Delaware Statutory Trusts – Trusts

Business trusts have been recognized by the common law of Delaware since 1947, however, there was no express statutory recognition of the business trust in Delaware until the passage of the Delaware Statutory Trust Act (originally called Delaware Business Trust Act), 12 Del.C. c.38 (the Act), in 1988.

The law was drafted by a committee of the Delaware State Bar Association composed primarily of practitioners who have focused their practices in the area of ​​corporate finance. The objective of the drafting committee was to increase the usefulness of the commercial trust in modern financing transactions by overriding the common law principles of trusts which were deemed disadvantageous and by including certain new provisions to statutorily permit a high degree of freedom of contract between the trustees and the trustee to determine their respective responsibilities and how the trust might be administered.

The statute expressly includes all pre-existing statutory and common laws relating to trusts, except to the extent that such law conflicts with the statute or the terms of the instrument governing a Delaware Statutory Trust (DST) constituted under the law. The success of the law is measured by the large number of DSTs currently used in asset securitizations, leveraged lease financings, mutual fund offerings, and a variety of other financing transactions.

Under traditional common law principles, the administration of a trust is vested in a trustee who is charged with broad fiduciary duties to the trust and its beneficiaries. Such obligations not only preclude the trustee from delegating some of its management discretion to the trust, but also impose a strict standard of care and limit the compensation available to the trustee for discharging those obligations. The administration of many modern business trusts, however, requires specialized knowledge outside the scope of expertise of corporate trustees. Allowing the beneficiary of a trust (or anyone else) to control the business decisions of the trustee runs the risk, under common law, of the trust being considered an agency instead of (or in addition to) a trust with several disastrous results: the beneficiary may become liable for the obligations of the trust, and the creditors of the beneficiary may be able to disregard the trust and access its assets to satisfy related or unrelated obligations of the beneficiary. Further, a Trustee who improperly delegates discretion may become personally liable for any resulting loss and may not be held liable or compensated for such losses to the extent caused by actual or imputed negligence of the Trustee. .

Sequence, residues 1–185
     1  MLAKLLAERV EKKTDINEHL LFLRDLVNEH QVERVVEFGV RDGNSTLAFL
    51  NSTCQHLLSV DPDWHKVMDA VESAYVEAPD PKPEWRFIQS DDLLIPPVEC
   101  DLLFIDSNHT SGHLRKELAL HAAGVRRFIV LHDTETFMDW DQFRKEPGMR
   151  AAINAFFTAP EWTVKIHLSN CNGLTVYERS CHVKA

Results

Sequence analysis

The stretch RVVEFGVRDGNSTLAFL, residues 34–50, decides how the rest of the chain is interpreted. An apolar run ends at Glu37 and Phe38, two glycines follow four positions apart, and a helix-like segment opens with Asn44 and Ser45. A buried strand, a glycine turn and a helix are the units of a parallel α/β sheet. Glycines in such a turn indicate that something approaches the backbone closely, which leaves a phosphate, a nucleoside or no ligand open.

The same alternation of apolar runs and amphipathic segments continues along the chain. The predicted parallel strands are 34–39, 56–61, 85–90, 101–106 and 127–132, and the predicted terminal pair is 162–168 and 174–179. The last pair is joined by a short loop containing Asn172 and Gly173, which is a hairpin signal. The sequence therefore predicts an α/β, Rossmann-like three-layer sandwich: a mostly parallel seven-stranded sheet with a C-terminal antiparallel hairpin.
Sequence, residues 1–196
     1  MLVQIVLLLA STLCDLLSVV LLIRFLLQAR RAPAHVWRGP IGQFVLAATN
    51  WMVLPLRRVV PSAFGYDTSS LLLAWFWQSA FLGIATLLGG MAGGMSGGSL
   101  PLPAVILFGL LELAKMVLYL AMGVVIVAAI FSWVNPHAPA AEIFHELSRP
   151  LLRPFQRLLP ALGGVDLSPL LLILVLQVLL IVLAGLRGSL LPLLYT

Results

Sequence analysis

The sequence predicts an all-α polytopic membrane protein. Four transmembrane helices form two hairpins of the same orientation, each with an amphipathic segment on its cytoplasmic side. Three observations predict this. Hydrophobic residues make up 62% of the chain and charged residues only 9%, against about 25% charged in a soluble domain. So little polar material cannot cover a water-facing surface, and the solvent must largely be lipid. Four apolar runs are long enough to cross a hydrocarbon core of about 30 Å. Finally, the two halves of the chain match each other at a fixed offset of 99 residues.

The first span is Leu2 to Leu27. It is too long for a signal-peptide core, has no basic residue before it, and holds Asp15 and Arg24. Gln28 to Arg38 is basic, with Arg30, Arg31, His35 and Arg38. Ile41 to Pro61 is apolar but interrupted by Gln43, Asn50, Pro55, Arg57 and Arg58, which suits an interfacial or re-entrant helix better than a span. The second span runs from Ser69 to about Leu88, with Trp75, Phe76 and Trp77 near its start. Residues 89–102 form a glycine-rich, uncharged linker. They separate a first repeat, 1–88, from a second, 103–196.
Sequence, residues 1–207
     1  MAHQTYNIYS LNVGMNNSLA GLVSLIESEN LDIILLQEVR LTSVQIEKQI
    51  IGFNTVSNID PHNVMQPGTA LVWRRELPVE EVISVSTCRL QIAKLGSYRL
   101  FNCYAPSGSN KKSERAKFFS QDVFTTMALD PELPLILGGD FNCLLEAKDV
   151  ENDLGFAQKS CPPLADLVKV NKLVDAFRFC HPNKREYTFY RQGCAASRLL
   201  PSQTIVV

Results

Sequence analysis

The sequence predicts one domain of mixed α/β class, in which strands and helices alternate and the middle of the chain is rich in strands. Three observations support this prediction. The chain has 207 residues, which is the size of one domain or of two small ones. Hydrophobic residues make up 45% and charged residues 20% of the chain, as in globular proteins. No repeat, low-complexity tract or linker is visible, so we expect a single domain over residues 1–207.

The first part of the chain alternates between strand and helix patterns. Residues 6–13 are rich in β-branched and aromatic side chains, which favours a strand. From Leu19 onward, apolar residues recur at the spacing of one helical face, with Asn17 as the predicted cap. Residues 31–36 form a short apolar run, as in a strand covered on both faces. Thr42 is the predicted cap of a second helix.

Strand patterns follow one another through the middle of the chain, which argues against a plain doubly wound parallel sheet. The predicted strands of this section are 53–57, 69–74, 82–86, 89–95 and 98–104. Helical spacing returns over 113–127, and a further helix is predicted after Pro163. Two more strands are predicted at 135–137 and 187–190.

Under the law, however, a beneficiary of a DST has the express power to control the trustee (or even to act as a trustee himself) without running any risk of personal liability or any risk that his creditors may access the assets of the trust. Indeed, the law provides that a beneficiary of a DST will have the same limitation of personal liability as that which is extended to shareholders of private for-profit companies and that no creditor of a beneficial owner has the right to to obtain possession of or otherwise exercise any equitable rights or remedies with respect to the ownership of a DST.

In addition, the DST Act expressly provides protections for DST administrators. For example, the Act provides that to the extent that a trustee has duties (including fiduciary duties) and liabilities relating thereto, to a business trust, to another trustee, to a beneficiary thereof or to a third party, such duties and responsibilities may be extended, restricted or eliminated by the trust deed, and a trustee is not liable for relying in good faith under the terms of such trust deed . This means that the duties, obligations or liabilities of a trustee of a DST may be limited, or even eliminated, by the terms of the instrument governing the DST. (The only caveat to this limitation is that a governance instrument cannot eliminate any claim or liability arising from a fiduciary’s breach of the implied contractual covenant of good faith and fair dealing.)